Are Barndominiums Here To Stay? Helpful Buying Guide

What has walls, a floor, a roof, is less expensive than a traditional house, and is all the rage right now? (hint: it’s the title of this article). Barndominiums! We cannot wait to show you the structure that has been taking the world by storm. Here are some commonly asked questions when it comes to barndominiums.

What Is A Barndominium?

A barndominium is a type of pole barn that has been completely outfitted to be liveable. A pole barn or pole building is a structure that features metal sides and an open interior. Barndominiums are the same! They are a type of house that incorporates the style and pricing of pole barns with the functionality of a home!

What’s The Difference Between A Barndominium And A House?

A house is generally made from brick or wood and has a deep and solid foundation. Barndominiums are made of metal and don’t require foundations. There are also different rules and regulations when building a house as opposed to a barndominium.

Check your local area housing authority for more information. 

Are Barndominiums Cheaper Than Homes?

The short answer is yes! Barndominiums have a cost range of $100-$120 per square foot, whereas traditional homes have an average cost of $170 per square foot. The price point for barndominiums includes flooring, lighting, insulation, and paint. Any big additions beyond that will cost more, just like a house. If you are looking for more detail around the cost of barndominiums / pole barn houses, check out our article.

What Are The Pros To A Barndominium?

  • Simple Construction
  • Less Expensive Than Traditional House
  • Fire Resistant
  • Large # Of Interior Options
  • Quick Build Time

Barndos are sought after for their ease, space, and affordability.

What Are The Cons To A Barndominium?

  • Property Area
  • Open Space

While you can incorporate walls and different things to help fill the large indoor space, a barndo can feel empty and too open on the inside. Depending on the size of your structure, you also may need more land purchased than a traditional house if you still want to have a yard. While the barndominium pros and cons list may convince some, others just want to know about our next question in more detail.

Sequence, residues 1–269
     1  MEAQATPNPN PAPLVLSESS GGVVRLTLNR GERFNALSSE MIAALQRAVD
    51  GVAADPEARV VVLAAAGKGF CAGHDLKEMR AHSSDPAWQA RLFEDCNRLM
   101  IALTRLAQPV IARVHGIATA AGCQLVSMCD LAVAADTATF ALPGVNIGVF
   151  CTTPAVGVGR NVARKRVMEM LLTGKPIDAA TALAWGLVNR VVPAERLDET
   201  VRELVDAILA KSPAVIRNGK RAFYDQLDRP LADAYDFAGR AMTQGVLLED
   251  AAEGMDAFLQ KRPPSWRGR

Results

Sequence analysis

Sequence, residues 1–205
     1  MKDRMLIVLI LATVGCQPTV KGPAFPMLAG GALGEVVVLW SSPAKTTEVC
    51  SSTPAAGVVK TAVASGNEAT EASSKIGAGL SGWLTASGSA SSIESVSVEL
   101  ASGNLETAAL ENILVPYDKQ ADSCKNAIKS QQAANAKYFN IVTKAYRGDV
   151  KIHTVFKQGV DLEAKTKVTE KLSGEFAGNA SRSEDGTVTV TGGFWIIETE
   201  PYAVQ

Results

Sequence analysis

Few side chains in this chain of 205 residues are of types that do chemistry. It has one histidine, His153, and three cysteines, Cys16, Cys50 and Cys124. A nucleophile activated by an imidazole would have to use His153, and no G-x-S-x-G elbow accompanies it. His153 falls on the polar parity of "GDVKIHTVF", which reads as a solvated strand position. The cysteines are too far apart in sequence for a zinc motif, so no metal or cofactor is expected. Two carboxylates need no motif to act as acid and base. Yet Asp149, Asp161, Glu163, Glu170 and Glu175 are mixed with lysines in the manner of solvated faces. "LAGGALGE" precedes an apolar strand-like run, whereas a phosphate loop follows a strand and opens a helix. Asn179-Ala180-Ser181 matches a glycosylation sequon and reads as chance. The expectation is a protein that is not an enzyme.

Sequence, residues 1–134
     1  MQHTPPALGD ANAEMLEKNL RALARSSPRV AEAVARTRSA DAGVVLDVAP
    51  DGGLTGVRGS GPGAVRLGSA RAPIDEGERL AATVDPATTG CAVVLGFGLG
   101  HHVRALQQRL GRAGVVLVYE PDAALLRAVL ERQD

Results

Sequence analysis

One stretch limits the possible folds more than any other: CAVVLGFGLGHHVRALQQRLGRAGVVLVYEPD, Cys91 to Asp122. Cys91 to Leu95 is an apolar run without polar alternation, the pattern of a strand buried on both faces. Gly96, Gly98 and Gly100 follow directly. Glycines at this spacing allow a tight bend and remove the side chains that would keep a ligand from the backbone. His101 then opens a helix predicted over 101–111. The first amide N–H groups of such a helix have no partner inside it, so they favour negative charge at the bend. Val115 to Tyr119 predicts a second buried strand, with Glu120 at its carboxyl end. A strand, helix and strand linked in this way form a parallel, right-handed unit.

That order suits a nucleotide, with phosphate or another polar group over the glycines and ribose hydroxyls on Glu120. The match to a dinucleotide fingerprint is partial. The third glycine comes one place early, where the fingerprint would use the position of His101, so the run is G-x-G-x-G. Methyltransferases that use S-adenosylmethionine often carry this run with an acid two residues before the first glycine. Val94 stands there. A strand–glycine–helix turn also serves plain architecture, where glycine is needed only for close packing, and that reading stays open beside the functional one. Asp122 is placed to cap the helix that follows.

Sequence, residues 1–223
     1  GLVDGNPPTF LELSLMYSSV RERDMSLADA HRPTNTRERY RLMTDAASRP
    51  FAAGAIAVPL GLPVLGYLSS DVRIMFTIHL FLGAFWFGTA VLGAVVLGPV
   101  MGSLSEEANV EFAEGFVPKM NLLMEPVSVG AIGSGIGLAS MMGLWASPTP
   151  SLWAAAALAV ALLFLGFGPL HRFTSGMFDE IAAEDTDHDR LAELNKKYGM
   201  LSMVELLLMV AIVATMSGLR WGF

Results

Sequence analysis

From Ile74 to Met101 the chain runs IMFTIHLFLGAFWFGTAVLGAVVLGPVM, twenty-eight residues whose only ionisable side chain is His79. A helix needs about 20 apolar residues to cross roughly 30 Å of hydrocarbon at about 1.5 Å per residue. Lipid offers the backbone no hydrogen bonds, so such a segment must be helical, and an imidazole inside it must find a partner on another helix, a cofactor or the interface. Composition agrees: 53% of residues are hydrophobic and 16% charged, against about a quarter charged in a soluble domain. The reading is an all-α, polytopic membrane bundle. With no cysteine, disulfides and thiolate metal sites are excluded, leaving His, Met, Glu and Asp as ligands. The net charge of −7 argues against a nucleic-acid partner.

Why Is A Barndominium Cheaper To Build?

Simple. Metal is cheaper than wood, brick, or stone. And you save money on labor and foundation costs since the building can be erected quickly.

Are Barndominiums Safe?

Absolutely! Barndominiums are automatically more resistant to fire because of the metal siding. Because of the materials and the way it is constructed, barndos also stand stronger than traditional homes in harsh and severe weather. 

It’s the metal framing that allows for a stronger structure. Since barndo popularity seemed to rise out of southern states, there is also the question of safety during a tornado. Steel buildings can withstand winds of approximately 160-180mph. If you find yourself in higher winds than that, you may be in rough shape no matter the type of house you have.

Barndos are also safe when it comes to water. Many don’t have basements so flooding is very unlikely. Metal sheeting does not hold water, mold, or warp under weather circumstances. In more ways than one, barndominiums are actually safer than traditional housing.

What Is A Good Size For A Barndominium?

A good size for a barndominium is 40×60. This allows for ample space with 2,400 square feet. You can have multiple bedrooms, a garage, a living room, a kitchen, a dining room, and bathrooms all spaced out nicely in a space like this. 

The smaller size barndos generally stay around 20×30. And the large barndos can reach sizes of 80×100. What could you do with 8,000 square feet?